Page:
George Washington Papers

From George Washington to Major General Artemas Ward, 27 February 1776

To Major General Artemas Ward

Cambridge 27th Feb: 1776.


We were falsely Alarmed a while ago with an Acct of the Regulars coming over from the Castle to Dorchester—Mr Baylor whom I immediately sent of is just returnd with a contradiction of it. But as a rascally Riffle man went in last Night & will no doubt give all the Intelligence he can, wd it not be prudent to keep Six or Eight trusty men by way of Lookouts or Patrols to Night on the point next the Castle as well as on Nuke Hill.1 At the same time ordering particular Regimts to be ready to March at a Moments warning to the Heights of Dorchester; For should the Enemy get Possession of those Hills before us they would render it a difficult task to dispossess them—better it is therefore to prevent than remedy an evil. I am Yr Most Obedt

Go: Washington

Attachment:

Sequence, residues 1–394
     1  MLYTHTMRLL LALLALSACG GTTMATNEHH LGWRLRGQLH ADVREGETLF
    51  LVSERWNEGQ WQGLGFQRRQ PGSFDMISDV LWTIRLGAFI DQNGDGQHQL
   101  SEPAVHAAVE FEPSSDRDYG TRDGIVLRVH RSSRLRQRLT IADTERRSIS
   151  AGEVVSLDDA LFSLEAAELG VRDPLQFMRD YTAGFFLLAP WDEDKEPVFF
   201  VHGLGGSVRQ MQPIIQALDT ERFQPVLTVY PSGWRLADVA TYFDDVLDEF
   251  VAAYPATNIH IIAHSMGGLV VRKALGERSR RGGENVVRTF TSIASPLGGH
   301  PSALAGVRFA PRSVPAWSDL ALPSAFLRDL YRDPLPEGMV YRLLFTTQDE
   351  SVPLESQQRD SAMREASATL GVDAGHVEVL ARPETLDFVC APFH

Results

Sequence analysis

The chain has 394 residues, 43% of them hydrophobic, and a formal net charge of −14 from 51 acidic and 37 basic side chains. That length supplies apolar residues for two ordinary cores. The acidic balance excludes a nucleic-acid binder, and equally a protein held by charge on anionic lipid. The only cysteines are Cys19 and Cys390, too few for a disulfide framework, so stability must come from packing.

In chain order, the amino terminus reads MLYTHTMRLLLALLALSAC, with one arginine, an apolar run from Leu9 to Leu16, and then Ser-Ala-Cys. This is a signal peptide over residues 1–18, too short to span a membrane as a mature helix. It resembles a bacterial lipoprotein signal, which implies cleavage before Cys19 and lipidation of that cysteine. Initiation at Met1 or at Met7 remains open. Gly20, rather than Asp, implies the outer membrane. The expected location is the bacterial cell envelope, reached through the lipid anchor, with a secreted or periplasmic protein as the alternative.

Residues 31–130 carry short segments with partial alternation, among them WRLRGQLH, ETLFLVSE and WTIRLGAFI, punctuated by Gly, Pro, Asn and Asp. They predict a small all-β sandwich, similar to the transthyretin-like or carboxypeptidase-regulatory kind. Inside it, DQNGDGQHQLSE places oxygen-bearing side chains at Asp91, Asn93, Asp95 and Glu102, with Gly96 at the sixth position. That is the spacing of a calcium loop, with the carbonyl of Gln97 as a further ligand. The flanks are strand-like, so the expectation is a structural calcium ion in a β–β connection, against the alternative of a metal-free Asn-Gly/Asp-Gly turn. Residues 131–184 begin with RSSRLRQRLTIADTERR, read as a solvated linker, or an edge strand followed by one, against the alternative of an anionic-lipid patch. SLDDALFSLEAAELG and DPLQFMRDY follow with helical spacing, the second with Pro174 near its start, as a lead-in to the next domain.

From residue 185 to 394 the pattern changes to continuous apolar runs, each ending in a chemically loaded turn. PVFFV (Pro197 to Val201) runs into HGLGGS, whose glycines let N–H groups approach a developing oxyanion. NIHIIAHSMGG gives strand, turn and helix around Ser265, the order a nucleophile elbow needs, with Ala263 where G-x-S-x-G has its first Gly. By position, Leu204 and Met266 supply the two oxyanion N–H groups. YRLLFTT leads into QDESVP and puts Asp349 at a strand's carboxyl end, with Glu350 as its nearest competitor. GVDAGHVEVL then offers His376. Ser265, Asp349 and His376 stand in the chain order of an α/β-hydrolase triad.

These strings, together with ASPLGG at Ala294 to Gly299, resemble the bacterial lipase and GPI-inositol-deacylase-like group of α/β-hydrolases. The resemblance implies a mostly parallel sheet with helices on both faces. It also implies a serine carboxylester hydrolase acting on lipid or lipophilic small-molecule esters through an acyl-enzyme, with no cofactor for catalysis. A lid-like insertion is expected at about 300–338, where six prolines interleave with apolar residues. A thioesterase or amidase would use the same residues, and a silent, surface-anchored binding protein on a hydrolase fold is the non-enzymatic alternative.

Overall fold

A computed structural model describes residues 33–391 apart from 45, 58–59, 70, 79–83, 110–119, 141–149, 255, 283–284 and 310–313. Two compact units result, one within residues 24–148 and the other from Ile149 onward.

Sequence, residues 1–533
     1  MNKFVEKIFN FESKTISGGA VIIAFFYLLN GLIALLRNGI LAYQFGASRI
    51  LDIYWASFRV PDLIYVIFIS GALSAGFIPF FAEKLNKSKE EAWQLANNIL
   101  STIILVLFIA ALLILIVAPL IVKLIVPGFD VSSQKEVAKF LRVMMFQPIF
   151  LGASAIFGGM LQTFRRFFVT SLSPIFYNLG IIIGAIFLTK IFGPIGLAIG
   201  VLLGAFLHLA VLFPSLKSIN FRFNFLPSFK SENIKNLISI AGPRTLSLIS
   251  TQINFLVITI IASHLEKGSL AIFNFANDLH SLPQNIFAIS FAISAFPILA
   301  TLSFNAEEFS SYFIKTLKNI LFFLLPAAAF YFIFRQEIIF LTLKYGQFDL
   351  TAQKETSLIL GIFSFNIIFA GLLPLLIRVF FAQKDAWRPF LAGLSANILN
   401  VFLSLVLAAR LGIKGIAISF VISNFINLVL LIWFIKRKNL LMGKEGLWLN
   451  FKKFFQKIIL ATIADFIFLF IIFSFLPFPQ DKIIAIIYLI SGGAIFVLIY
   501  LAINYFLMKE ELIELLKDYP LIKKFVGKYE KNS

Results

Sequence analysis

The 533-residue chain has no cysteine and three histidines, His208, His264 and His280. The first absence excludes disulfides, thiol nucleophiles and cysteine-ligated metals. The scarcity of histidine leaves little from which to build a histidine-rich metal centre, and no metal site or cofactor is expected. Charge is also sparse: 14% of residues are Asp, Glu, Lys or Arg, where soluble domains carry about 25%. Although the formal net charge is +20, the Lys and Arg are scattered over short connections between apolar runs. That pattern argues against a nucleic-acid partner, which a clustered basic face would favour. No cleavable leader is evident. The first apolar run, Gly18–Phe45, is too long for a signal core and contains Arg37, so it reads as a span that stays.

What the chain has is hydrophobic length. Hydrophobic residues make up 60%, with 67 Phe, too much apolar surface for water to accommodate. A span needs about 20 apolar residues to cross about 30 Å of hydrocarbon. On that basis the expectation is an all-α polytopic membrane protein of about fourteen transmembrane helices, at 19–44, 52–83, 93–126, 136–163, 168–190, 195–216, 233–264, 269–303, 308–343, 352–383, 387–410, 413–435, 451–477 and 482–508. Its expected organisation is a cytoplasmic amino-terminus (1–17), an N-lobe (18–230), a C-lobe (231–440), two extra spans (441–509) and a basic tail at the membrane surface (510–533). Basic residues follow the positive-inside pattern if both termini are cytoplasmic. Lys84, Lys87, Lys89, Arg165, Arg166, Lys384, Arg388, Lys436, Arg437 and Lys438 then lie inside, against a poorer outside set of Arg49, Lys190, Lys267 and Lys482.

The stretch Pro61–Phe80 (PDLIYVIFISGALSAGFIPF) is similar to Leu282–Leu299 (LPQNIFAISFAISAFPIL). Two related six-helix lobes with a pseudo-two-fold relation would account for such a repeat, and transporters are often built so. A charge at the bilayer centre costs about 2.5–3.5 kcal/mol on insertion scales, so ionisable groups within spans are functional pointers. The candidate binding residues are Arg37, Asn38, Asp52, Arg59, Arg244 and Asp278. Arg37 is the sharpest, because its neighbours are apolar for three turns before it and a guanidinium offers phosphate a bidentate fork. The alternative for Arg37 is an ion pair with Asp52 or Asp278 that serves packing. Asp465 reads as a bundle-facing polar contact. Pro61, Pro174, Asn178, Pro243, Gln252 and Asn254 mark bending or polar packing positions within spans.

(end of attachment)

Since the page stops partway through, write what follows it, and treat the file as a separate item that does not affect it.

1“Last night,” Rev. Joseph Perry of the Connecticut militia wrote in his diary entry for 27 Feb., “deserted from our centery to the enimy a good for nothing rifleman who we hope will never come back. . . . About one P.M. when almost ready to dine came an alarm by General Spencers’ Sergeant brought it. The account was that the Regulars had landed on Dorchester point. Coll. [Erastus] Wolcott was ordered forth with to turn out with his Regiment. The Coll. sent the alarm to his Captins in every quarter to parade before his house immediately for an attack. . . . Every face looked serious but determined and the thing was real to us. In a few moments the whole Regiment would have been moving to the expected scene of blood, but were countermanded by order from Genrl Spencer informing it was a false alarm. The men got out of the rain and mud as fast as they could and all was peace again. This alarm was occasiond thus: the centery on Lambs dam observed a number of people walking on the north side of the hill at Dorchester point. A boat lay in of[f] the bay which appeard in the range. They thot a vessel landing the men and so gave the alarm” (Van Ness, “Diary of Joseph Perry,” description begins James S. Van Ness, ed. “The Diary of Rev. Joseph Perry Written During the Siege of Boston, February 16 to March 28, 1776.” Proceedings of the Bostonian Society (1963): 19–56. description ends 28–29; see also “Price’s Diary,” description begins “Diary of Ezekiel Price, 1775–6.” Proceedings of the Massachusetts Historical Society 7 (1863–64): 185–262. description ends 238). Castle William was on Castle Island which lay a short distance off Dorchester Point at the eastern end of Dorchester Neck. Nook’s or Foster’s Hill was at the western end of Dorchester Neck near south Boston.

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